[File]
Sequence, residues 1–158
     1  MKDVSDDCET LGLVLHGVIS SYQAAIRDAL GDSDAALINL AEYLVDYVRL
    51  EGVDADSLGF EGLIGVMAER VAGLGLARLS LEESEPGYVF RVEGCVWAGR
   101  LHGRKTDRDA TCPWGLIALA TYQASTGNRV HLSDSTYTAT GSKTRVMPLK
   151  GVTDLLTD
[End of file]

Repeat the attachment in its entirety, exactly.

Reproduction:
Sequence, residues 1–158
     1  MKDVSDDCET LGLVLHGVIS SYQAAIRDAL GDSDAALINL AEYLVDYVRL
    51  EGVDADSLGF EGLIGVMAER VAGLGLARLS LEESEPGYVF RVEGCVWAGR
   101  LHGRKTDRDA TCPWGLIALA TYQASTGNRV HLSDSTYTAT GSKTRVMPLK
   151  GVTDLLTD